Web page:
DETROIT -- A group of 1,444 Iraqi immigrants received some good news on Monday night when U.S. District Court Judge Mark Goldsmith CBS Detroit reports.,
The temporary stay is based on those being deported -- who are mostly Christians -- could possibly face danger when sent back to Iraq. In the report Goldsmith considered this to be "extreme circumstances" and gave all Iraqi nationals effected two more weeks to legally fight their deportation.
"The substantial allegations made here are the detainees face extreme, grave consequences: death, persecution and torture," Goldsmith wrote in the report issued shortly after 9 p.m. "Such harm far outweighs any interest the government may have in proceeding with the removals immediately."
CBS Detroit reports that with this being an immediate concern with a dangerous outcome that it makes sense to issue this verdict.
The government was going to deport people as early as Tuesday, the station noted. There was an immediate concern and an immediate mean to act. The judge was also concerned that there is at least an allegation that if Iraqi nationals go back to Iraq they could be tortured or killed.
The American Civil Liberties Union said a suspension is necessary so Iraqi nationals can go to immigration court and argue that their lives would be in jeopardy if returned to their native country. Without some intervention, the ACLU contends that people could be deported before their case is called.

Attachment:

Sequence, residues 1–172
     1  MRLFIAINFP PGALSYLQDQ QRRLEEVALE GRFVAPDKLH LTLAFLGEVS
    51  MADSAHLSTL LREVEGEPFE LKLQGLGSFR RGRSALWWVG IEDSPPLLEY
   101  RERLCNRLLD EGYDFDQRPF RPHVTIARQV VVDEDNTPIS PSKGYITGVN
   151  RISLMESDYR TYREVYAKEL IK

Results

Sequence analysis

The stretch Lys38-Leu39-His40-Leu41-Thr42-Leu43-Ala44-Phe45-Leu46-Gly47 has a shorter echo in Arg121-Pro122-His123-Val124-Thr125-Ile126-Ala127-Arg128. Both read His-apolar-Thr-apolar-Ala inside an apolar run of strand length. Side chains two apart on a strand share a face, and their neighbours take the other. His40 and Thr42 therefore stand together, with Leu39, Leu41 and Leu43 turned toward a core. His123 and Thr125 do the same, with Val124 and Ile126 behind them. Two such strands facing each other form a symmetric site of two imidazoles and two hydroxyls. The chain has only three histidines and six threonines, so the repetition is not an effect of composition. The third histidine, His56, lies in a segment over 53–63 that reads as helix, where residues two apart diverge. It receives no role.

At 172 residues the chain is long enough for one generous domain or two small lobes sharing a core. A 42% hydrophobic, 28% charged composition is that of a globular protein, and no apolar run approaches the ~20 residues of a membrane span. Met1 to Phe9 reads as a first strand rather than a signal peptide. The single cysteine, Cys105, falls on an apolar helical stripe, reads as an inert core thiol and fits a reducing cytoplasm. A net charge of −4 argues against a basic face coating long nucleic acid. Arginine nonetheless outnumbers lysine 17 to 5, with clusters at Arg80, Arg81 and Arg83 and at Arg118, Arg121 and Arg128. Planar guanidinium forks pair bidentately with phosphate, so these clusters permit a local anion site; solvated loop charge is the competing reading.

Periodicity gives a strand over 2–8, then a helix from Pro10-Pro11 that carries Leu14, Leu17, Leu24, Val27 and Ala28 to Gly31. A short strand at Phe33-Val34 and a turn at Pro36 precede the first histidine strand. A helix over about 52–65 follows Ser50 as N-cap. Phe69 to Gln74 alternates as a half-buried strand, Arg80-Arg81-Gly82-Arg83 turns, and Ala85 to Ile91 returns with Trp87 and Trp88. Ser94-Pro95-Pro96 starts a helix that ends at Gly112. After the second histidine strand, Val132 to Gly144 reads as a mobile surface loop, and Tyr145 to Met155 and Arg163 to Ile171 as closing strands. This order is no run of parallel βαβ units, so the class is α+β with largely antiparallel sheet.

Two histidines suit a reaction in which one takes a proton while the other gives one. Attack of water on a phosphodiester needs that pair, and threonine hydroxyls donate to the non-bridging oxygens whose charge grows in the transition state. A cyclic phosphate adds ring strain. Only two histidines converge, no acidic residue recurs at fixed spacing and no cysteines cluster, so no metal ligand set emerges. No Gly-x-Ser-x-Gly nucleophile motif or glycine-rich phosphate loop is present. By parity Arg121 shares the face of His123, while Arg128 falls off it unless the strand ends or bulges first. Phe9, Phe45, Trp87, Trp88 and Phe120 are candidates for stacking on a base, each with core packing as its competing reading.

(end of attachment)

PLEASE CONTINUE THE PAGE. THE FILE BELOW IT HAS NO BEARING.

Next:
"They need enough time to file those petitions to reopen. It's the government that is hurrying these people toward deportation," Margo Schlanger, attorney for the Iraqi immigrants, told the judge.
Hundreds of Chaldeans and other Iraqis were arrested by Immigration and Customs Enforcement (ICE) on June 11 during sweeps which took place in Sterling Heights, West Bloomfield and Dearborn.
Those arrested have since been detained at locations across Michigan, Ohio and Louisiana.
The Justice Department insists a U.S. District Court judge doesn't have jurisdiction in the immigration matter. Goldsmith is not certain so the 14-day freeze will give him more time to decide.
"It's an unusual case for all kinds of reasons," he said hours earlier while hearing arguments.